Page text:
US Senator Warnock works to address decades of USDA discrimination against black farmers

A farmer plants corn in a barley cover crop. Photo courtesy of the US Natural Resources Conservation Service.

WASHINGTON – The arrival of US Senator Raphael Warnock in Congress earlier this year coincided with a belated recognition of the historic discrimination inflicted on black farmers by the US Department of Agriculture.

The plight of farmers has become a top priority for Warnock, a Georgian Democrat whose victory in the second round of the January special elections gave his party a narrow majority in the Senate for the first time in a decade.

Reverend Raphael Warnock addresses supporters outside Cobb County Election Headquarters on December 17, 2020. Credit: Ross Williams / Georgia Recorder.

Democratic Senate leaders who want him re-elected in 2022 also highlight Warnock’s key role in passing legislation and shaping policy to provide economic relief to black farmers in the United States and in the State of Peach.

On top of that, the House Agriculture Committee – long a stronghold of mostly white agricultural state lawmakers – is now headed by its first black chairman, Rep. David Scott, a Democrat from Georgia whose hearing inaugural reviewed the decades of losses suffered by blacks. farmers in the United States

A third Democrat from Georgia, Rep. Sanford Bishop, is the chairman of the powerful House subcommittee on farm credits.

“All of these factors created a perfect storm for African American farmers and agricultural issues to be at the center of public policy,” said Dr Veronica Womack, executive director of the Rural Studies Institute at Georgia College and University. state and black belt. Researcher of the region. The region includes counties from Virginia to Texas with large African American populations.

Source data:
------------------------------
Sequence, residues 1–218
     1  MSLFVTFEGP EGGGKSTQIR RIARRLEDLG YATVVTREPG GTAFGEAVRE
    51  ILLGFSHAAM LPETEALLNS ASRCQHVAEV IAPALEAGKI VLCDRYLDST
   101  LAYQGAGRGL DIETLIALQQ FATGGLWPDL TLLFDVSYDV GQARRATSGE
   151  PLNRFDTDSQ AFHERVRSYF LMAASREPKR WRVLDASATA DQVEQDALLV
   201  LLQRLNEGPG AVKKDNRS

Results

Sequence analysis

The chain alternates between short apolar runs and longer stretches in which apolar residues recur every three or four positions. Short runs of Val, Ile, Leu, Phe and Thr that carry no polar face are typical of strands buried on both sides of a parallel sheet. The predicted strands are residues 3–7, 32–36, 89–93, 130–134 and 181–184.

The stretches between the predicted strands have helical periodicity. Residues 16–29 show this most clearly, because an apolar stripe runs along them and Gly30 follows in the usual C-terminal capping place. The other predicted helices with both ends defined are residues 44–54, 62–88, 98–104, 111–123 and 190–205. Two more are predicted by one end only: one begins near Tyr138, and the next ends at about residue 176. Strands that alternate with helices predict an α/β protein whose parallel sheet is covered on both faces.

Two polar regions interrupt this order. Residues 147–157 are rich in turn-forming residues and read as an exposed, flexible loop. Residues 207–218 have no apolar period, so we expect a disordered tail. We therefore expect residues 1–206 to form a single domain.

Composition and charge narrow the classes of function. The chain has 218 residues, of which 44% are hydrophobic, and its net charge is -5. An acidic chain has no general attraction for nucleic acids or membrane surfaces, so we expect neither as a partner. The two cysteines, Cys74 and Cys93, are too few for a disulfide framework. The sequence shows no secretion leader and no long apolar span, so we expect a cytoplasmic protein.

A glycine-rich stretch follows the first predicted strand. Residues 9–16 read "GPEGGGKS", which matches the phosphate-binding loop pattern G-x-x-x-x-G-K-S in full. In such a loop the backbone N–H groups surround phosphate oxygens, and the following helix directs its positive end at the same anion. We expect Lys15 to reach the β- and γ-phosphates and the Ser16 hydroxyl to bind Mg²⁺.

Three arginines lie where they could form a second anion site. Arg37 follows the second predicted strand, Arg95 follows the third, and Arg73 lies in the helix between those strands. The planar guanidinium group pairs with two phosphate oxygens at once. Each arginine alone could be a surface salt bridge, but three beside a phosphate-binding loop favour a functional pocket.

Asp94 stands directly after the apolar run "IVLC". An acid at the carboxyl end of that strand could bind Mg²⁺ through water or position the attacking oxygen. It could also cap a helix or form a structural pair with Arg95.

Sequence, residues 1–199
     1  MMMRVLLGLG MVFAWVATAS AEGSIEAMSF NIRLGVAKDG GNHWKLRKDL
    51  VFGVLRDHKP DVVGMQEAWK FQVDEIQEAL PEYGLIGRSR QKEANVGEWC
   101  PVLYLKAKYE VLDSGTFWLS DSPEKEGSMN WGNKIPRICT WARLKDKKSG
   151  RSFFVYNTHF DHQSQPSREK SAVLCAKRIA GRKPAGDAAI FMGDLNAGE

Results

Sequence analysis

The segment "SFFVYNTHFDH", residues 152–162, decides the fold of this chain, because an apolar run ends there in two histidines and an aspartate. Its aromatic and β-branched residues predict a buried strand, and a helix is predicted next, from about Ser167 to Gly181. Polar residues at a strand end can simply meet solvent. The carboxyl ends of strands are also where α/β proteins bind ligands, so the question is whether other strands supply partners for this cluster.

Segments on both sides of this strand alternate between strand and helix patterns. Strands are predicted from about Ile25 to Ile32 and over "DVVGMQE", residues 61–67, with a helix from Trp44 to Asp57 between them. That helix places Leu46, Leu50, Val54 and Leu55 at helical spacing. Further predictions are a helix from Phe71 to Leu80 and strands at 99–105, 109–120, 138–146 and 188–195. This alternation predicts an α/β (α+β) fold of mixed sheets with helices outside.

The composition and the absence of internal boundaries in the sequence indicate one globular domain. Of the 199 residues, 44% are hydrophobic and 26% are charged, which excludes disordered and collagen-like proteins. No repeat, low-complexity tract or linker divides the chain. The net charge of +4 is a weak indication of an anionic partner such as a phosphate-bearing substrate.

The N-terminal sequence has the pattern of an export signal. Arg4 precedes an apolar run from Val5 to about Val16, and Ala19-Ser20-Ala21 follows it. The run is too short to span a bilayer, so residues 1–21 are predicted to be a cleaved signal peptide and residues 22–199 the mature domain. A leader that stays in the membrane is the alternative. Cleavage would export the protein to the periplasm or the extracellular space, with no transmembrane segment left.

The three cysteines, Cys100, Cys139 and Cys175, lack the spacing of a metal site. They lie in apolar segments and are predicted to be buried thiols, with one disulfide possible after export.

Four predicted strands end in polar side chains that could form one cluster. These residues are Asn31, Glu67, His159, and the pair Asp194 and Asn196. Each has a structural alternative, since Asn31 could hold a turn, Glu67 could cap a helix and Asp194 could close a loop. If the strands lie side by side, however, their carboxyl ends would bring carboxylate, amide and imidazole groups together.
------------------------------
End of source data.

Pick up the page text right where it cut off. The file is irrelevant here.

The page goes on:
Prevent further loss of land

Warnock won a seat on the Senate Agriculture Committee, where, even as a rookie, he chairs a task force that oversees agricultural production and programs such as crop insurance, trade, food aid and credit.

The US Capitol. Credit: Samuel Corum / Getty Images

As one of his first acts in Congress, he co-sponsored – along with other Senate Democrats – the Justice for Black Farmers Act, first introduced last year by Senator Cory Booker, a Democrat from New Jersey. .

If passed and enacted, the law would create policies to end discrimination within the USDA, prevent further loss of land to black farmers, and restore land that has been lost. It would also provide land grants to encourage the next generation of black farmers to enter the industry.